The paint had peeled and faded. But, it still captured the eye whenever driving by on the highway. The Anderson Place in Fluvanna, New York near Chautauqua Lake. Living inside was like being caught in a time warp. It was once an eighteen room mansion. I rented half of it for $65 a month in 1970.
Why was the other side of the house so carefully bolted? Had those hand crocheted lace curtains really been hanging there for 100 years? I thought so. So many things in my side of the place were very old. I could tell that the kitchen was probably the original settlers house, built in 1810, before less than eight families occupied that part of Western New York. The extra-wide floorboards ‘neath the fifty year old linoleum showed that they were hand-hewn.
The Anderson family had been successful enough that the rest of the place built up very fast. Ceilings loomed 15 feet above, in the dining area, living room and upstairs bedrooms which made the thirty foot entry hall and staircase a magnificent imposing welcome, if you entered through the double main doorways. But, no-one ever came in that way anymore. There wasn’t even the hint of a walkway to the entrance. The eastside porch was my entry. The westside was to the other side, no walkway on that side either.
One day, I came home to discover the little old ladies I had rented from were inside of my house. They had let themselves in with a key in order to access the basement in preparation for winter. We chatted a while before they left. I asked whether they would consider renting the other side. No they wouldn’t That was “Mother’s side” of the place. Mother had been dead 47 years by that time. They didn’t reveal much except that they had lived on the newer side since becoming adult and married, raising their children there and moving on to other quarters in retirement.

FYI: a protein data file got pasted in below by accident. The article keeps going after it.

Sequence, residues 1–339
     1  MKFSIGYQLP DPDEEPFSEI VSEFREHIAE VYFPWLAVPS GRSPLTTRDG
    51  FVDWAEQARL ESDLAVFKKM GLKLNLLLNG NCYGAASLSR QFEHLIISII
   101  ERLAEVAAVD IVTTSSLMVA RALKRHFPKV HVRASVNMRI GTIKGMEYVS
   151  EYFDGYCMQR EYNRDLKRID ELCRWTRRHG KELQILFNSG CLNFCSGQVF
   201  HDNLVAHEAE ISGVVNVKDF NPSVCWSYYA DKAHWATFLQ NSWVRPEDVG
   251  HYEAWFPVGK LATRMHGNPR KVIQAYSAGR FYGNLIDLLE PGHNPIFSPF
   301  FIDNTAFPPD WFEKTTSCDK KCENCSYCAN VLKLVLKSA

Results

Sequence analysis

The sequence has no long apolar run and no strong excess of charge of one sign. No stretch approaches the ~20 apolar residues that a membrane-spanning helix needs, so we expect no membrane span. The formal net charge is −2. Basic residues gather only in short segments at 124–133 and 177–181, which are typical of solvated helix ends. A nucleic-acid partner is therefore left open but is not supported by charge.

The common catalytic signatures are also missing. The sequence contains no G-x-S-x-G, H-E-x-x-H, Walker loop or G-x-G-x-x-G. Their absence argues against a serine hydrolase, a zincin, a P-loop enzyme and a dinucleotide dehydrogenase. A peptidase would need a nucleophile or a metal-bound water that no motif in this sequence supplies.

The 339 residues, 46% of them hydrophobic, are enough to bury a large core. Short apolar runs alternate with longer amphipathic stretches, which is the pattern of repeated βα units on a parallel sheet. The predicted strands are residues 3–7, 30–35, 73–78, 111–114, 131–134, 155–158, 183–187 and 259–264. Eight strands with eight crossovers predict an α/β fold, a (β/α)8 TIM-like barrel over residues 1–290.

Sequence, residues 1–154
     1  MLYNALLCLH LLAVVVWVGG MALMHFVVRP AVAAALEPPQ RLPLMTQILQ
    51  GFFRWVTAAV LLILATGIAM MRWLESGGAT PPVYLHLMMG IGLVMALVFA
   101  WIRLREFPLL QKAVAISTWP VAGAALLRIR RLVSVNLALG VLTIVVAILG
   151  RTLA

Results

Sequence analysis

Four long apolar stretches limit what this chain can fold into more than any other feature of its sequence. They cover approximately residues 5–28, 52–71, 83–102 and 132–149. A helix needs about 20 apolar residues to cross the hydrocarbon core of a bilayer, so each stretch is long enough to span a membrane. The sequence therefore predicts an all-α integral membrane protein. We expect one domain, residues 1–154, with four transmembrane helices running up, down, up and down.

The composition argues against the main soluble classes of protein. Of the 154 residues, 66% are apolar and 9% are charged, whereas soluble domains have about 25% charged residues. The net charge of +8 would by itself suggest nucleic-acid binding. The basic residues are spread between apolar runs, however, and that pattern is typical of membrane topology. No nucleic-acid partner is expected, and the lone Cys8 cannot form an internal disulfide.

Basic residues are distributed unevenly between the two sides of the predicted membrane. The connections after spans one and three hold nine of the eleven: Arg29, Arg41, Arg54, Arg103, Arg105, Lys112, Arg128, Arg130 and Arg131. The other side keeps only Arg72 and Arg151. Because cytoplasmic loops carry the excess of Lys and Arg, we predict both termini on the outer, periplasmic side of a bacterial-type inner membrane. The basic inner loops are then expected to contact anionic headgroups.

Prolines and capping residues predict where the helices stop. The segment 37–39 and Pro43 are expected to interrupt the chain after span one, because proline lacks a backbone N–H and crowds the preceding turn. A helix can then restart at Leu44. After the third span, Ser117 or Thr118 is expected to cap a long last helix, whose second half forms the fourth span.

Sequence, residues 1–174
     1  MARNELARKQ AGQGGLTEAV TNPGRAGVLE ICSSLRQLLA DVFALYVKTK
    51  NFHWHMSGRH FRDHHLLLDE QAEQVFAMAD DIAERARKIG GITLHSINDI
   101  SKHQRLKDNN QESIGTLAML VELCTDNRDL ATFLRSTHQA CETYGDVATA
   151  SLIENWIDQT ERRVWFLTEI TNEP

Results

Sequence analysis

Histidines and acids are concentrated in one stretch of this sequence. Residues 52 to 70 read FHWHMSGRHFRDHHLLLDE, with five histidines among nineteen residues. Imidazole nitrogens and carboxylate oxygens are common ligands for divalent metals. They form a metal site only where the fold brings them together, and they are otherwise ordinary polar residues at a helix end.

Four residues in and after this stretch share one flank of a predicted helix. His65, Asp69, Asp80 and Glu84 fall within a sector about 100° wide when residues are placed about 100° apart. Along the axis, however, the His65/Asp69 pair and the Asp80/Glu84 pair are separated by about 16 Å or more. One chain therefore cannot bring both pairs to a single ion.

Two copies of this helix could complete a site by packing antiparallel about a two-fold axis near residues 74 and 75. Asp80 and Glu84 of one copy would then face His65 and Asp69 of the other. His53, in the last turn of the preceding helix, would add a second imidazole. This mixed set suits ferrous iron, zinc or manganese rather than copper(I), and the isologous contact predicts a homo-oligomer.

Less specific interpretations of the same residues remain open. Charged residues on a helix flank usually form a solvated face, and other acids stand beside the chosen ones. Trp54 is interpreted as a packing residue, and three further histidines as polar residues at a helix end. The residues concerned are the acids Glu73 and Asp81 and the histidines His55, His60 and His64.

After they left, I noticed they had accidentally left the door bolt unlocked between my kitchen and the other side.
Curiosity got the best of me and I opened the door. Much to my amazement, I stepped back into 1923. A kitchen with old wood stove, filled with time worn cooking utensils. The dining room and parlor with its ancient curtains still remained as they were, yellowed roller shades at half-mast beneath them. Why was there no accumulation of dust? Had these women kept a shrine to their dead mother all these years? Had they just spent the day cleaning every cobweb, every dust bunny as well as preparing the furnace for winter? It was a mystery to me.
Note: Since that old home was demolished after I moved away, I have no pictures of it. The photo I have taken and placed here is representative. This is the Mark Twain house located in Hartford Connecticut. Similar in style, but not as old as the home I lived in. The kitchen appliances are also representative.